Is there a lack of top competition at the highest levels of Women’s MMA? Forum Bully “Devil” opines on the situation in the following discussion thread. What do you think?
What a waste of talent. On what planet does a fighter who has gotten massacred by the champ in two title fights get another shot at that same champ? Not close fights. Not controversial decisions. Massacres. With a broken arm to boot.
This matchup shows three things….
1. The talent pool in women’s MMA is complete garbage…
The Bartitsu Compendium (Lulu Publishing, US$25.00, 280 pages) is the ultimate guide to everything you never knew you wanted to know about Bartitsu, which was perhaps the first modern, eclectic martial arts system. Think “old-timey Jeet Kune Do”, or the gentlemanly umbrella fighting style of John Steed in the TV series “the Avengers”, and you’re on the right track.
Bartitsu was founded in the late 1800s by E.W. Barton-Wright, who was almost
certainly the first Westerner ever to teach Asian martial arts, having studied several traditional jiujitsu ryu while working as an engineer in Japan. However, as is detailed in the Compendium, Barton-Wright went several steps beyond that and actually created his own eclectic martial art (named after himself) when he returned to England.
Bartitsu was a combination of the Shinden-Fudo Ryu and Tenshin-Shinyo-Ryu forms of jiujitsu along with early Kodokan judo, with additional elements drawn from street savate (French kickboxing), English “scientific boxing” or pugilism, and a style of combat using a walking stick that had been developed by one of Barton-Wright’s collaborators, Pierre Vigny.
The first half of the Bartitsu Compendium comprehensively details the history of Bartitsu, with numerous chapters devoted to biographies of Barton-Wright, Vigny, the Japanese jiujitsu expert Yukio Tani, and other key figures associated with Barton-Wright’s “Bartitsu Club” during the early 1900s. There are also several extensive articles detailing the self-defense and martial arts genres of that period, with information on such topics as “purring” (a brutal shin-kicking sport), the revival of quarterstaff fighting in the English army, and much more, as well as reprints of old newspaper reports on Bartitsu displays and tournaments.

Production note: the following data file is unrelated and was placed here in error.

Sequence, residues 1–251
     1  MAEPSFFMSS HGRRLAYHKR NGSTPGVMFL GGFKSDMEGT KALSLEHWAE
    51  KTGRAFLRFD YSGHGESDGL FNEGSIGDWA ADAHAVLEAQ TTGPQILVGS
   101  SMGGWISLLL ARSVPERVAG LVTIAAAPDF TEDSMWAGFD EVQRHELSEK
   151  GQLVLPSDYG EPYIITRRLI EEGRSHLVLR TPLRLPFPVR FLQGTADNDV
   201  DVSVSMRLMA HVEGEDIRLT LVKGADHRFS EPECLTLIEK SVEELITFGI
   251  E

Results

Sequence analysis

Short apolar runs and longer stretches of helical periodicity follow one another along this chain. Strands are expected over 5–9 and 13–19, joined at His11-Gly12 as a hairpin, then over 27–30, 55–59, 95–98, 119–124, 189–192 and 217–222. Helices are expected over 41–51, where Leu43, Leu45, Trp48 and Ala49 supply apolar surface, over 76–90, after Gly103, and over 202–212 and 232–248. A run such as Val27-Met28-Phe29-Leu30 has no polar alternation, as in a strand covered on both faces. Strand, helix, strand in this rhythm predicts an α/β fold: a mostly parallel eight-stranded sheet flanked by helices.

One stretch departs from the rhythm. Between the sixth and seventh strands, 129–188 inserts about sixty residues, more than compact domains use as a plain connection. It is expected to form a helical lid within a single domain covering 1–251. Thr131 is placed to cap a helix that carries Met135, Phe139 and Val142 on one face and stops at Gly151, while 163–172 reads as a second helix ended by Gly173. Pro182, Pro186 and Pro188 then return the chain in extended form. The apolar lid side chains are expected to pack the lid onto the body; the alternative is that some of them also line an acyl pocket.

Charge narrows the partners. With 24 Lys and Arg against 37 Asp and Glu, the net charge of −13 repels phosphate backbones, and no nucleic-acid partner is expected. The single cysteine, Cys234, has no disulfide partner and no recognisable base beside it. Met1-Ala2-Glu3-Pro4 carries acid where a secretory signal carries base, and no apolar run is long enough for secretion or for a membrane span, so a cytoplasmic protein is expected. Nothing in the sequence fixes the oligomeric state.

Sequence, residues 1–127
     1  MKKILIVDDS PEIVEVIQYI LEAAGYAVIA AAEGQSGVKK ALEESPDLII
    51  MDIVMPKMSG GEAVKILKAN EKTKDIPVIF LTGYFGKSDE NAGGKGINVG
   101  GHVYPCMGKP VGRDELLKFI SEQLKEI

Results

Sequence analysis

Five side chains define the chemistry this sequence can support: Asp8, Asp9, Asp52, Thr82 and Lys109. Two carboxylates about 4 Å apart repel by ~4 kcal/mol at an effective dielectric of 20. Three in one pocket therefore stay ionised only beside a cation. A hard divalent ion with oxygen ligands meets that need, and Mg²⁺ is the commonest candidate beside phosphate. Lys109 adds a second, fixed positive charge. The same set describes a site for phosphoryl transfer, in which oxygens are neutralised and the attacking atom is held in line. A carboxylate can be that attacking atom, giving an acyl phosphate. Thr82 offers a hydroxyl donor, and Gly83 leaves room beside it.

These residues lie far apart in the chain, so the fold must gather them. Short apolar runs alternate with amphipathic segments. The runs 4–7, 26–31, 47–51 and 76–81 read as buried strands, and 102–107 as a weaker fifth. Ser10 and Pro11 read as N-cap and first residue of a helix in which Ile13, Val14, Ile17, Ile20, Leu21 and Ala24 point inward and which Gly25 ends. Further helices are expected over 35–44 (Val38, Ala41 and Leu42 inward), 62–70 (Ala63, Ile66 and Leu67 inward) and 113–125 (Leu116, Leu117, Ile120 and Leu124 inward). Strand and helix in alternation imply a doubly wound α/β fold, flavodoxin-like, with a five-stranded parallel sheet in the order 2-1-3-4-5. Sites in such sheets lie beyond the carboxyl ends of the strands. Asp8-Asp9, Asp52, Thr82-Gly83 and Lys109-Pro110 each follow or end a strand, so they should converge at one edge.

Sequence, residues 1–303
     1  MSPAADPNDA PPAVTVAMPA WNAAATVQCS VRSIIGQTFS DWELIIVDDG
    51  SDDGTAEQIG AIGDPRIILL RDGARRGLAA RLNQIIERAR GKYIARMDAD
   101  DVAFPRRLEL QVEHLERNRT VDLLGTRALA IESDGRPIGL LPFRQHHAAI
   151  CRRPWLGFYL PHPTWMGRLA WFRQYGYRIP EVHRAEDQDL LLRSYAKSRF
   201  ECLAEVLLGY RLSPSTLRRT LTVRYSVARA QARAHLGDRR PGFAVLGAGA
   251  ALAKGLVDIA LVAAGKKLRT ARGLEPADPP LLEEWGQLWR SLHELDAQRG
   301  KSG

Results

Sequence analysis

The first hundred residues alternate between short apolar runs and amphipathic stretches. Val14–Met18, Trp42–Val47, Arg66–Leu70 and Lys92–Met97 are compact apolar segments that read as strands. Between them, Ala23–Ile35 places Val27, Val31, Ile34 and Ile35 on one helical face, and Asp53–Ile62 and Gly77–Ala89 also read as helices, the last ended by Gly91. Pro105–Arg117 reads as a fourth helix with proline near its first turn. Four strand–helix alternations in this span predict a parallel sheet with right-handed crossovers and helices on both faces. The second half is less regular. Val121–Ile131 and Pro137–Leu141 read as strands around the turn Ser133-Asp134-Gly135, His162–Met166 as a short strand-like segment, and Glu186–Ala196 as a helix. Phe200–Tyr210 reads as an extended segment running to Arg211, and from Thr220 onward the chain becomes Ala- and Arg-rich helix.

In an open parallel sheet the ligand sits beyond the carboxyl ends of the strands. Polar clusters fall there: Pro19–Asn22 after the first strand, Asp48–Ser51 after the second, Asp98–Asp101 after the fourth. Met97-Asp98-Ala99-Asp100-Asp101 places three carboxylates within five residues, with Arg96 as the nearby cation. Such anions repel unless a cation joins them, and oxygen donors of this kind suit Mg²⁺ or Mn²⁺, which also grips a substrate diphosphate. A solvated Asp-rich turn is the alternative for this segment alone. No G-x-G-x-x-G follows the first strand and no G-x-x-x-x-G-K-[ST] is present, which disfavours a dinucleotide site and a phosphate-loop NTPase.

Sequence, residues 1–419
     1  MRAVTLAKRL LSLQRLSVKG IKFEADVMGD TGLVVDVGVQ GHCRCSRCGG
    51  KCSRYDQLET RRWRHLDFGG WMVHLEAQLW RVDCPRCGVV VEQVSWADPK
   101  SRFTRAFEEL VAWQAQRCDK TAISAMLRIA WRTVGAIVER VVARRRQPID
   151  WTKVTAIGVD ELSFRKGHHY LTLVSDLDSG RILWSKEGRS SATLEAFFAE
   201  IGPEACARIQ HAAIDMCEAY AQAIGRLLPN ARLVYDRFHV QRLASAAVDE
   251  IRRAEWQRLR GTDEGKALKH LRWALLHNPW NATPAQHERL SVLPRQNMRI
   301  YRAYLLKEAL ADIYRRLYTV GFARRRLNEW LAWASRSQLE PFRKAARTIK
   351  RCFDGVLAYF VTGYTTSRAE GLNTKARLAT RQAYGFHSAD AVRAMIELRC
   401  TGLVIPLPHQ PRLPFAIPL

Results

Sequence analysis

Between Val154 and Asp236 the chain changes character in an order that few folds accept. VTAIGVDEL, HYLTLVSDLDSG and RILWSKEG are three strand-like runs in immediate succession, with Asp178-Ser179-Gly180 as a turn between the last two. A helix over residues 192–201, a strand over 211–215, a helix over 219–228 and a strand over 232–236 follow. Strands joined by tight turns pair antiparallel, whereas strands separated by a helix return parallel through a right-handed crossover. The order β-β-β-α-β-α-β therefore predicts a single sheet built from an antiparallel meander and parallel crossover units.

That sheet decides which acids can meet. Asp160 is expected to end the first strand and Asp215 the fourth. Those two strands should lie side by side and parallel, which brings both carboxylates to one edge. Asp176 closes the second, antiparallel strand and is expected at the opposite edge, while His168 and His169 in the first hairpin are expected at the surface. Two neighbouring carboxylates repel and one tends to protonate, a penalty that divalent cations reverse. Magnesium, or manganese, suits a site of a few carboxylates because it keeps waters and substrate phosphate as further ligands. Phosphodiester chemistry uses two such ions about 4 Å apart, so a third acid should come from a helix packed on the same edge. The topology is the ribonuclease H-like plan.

One of the most entertaining sections is an excerpt from the autobiography of Armand Cherpillod, a Swiss wrestler who was an instructor at the Bartitsu Club and who fought numerous MMA-style challenge matches in London. Another interesting chapter deals with the association between Bartistu/jiujitsu and the Suffragette (early feminist) movement. About half of these chapters are modern and the other half are reprints of hundred-year-old magazine and newspaper articles.
The second half of the book includes what is called the “canonical Bartitsu curriculum”. This amounts to about sixty self defense sequences drawn mostly from ko-ryu jiujitsu and the Vigny stick fighting system, with traces of savate and boxing thrown in for good measure. Once you get past the comedy appeal of the straw boater hats and handlebar moustaches, Bartitsu looks to have been a pretty practical method of self defence, geared towards combat against both street attackers and skilled boxers, savateurs, etc.
Three appendices include a bizarre 1901 magazine article on how to protect yourself against attackers while riding a bicycle, an article by Barton-Wright on how to perform “strong man tricks” and a short essay on the connection between Bartitsu and Sherlock Holmes.
Finally, the Bartitsu Compendium also includes a detailed bibliography and index, which come in very handy given the book’s size (280 large pages).
In all, the book is a very interesting read. A certain amount of information is repeated several times by different writers, but that is forgivable in an anthology of this size, when different writers are using the same historical source material. The illustrations (photographs and drawings) are mostly re-printed from old books and newspaper articles but are generally clear and easy to follow.